flint and silver look worried and dirty on the deck of a ship in black sails

Sometimes You Don’t Want To Know The Ending

In defense of a slow binge
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Around Valentine’s day, I finished season two of Black Sails (currently streaming on Hulu). I’ve wanted to watch the series for a very long time given that it has many of my favorite things including swords, the ocean, and lesbians. As I expected, I love the series. Though it’s not perfect, it’s complex and exciting and I’ve fallen in love with nearly every murderous, flawed, salty character. And that’s why I haven’t moved on to season three yet.

Except for one beloved character, season two of Black Sails ends with almost everyone alive and with three of my favorite pirates sitting on a rather huge amount of gold. Sure someone got arrested and another character lost a limb, but there were various levels of hope and possibility for them all, and … I just know that’s not gonna last. Just through basic osmosis, I know some spoilers, but I also don’t know the details, and for a little while more, I want to keep it that way. I want to live in the fanfic version of this where everyone somehow lives happily ever after.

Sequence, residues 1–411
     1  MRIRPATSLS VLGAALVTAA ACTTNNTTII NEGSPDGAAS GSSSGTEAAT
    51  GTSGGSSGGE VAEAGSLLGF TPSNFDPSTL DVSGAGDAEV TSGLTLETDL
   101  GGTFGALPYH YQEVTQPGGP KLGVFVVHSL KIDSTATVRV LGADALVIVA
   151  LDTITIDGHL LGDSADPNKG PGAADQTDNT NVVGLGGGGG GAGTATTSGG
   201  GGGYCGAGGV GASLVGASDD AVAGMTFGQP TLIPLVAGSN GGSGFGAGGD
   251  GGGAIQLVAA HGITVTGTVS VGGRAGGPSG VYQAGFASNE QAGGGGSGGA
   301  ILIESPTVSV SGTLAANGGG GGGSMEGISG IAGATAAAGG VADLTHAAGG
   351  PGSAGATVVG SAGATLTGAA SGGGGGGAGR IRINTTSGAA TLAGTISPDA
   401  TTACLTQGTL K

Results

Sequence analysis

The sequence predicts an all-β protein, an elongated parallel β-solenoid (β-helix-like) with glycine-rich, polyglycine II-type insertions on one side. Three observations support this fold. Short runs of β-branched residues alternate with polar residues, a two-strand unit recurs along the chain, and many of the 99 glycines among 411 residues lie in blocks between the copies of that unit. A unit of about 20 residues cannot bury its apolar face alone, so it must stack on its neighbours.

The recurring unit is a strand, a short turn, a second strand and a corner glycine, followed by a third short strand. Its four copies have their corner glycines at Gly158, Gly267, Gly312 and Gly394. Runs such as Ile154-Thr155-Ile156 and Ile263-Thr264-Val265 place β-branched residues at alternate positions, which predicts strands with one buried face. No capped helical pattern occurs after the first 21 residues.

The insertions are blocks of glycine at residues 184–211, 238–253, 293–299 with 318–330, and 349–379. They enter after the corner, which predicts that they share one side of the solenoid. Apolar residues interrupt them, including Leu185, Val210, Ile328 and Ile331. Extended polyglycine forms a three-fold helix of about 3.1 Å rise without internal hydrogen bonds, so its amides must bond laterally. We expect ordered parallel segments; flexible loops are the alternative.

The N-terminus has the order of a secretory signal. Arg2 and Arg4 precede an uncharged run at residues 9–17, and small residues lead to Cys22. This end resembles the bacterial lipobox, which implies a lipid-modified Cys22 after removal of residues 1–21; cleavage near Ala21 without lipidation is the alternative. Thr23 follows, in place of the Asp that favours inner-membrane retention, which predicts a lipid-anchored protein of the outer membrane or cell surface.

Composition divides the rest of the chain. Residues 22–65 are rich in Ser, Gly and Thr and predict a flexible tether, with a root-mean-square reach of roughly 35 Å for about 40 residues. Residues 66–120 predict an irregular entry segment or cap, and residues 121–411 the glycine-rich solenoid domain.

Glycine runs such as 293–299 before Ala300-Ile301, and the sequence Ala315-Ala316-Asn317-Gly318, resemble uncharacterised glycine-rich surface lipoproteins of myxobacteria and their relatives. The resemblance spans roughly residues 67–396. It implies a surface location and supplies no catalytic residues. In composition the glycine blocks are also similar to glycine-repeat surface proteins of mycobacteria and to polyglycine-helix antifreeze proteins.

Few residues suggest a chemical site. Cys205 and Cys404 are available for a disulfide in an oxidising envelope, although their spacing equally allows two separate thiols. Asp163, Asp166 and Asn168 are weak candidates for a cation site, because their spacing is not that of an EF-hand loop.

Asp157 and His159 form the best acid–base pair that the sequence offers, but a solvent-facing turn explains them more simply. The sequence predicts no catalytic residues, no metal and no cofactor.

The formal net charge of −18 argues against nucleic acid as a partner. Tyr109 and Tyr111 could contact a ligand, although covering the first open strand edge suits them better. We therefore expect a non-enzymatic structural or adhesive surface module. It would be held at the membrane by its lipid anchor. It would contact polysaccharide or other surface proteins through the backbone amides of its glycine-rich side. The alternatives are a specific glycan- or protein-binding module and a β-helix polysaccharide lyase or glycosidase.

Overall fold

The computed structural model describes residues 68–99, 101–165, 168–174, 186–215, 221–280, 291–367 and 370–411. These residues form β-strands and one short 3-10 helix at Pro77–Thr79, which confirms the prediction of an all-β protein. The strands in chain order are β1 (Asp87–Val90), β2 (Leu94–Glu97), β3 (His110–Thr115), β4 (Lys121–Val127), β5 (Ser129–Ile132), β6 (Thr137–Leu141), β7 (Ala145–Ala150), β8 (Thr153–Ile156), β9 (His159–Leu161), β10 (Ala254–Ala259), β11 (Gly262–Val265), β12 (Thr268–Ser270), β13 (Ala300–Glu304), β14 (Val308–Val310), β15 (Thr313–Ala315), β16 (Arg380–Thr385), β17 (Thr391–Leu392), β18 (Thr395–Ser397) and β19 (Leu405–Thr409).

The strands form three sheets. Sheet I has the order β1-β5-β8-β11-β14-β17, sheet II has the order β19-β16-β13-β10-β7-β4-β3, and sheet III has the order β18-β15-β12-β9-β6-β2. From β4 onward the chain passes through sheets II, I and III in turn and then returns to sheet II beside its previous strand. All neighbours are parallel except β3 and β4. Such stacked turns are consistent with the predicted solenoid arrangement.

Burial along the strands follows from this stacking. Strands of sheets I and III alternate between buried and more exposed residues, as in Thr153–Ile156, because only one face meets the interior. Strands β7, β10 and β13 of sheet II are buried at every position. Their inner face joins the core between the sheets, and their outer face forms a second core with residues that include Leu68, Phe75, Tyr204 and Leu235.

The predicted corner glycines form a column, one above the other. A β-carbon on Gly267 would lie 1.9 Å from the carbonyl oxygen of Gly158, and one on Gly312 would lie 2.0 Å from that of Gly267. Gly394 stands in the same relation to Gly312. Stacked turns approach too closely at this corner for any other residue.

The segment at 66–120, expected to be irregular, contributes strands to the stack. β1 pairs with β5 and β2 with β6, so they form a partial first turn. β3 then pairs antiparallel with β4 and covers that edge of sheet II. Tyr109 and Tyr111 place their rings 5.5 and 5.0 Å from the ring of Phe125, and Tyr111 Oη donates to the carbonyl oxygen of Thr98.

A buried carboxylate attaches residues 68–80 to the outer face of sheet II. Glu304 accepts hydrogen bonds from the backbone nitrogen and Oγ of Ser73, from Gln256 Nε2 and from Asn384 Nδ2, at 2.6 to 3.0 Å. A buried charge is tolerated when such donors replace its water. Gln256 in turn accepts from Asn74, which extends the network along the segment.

Right now, with so many shows on streaming and more dropping every day, it’s so tempting to just power through and watch it ALL at once. That relentless drive to know “what happens next” and the tiny serotonin boost you get when you hit “continue to next episode” are so addictive. But I would argue that slowing down in our consumption can be a better experience. Just look at how much we’ve all enjoyed WandaVision and The Mandalorian with their weekly drop schedules. Savoring something bit by bit can make us love it more.

The space in between episodes and seasons is something we need to honor and enjoy, especially now when the sheer volume of content out there almost demands we consume it at a breakneck pace. But I think back to when I first really fell into Supernatural, and it wasn’t the new episodes that really got me. It was the space between. Season eight ended with angels falling from the sky and Castiel human, and everything the fandom came up with the fill that void was so much better (sorry to say) and definitely happier than the season we eventually got.

The in-between is where fandom thrives, where we can theorize and dream. For me with Black Sails, it’s where I can linger a little bit with the idea that maybe somehow the lesbian pirate and their now-platonic life partner will take all the gold and run away with her girlfriend and bestie. Even though I know some of these folks are actual historical figures who had a bad end, I want to enjoy that idea for a few days more.

(image: Starz)

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Jessica Mason
Jessica Mason (she/her) is a writer based in Portland, Oregon with a focus on fandom, queer representation, and amazing women in film and television. She's a trained lawyer and opera singer as well as a mom and author.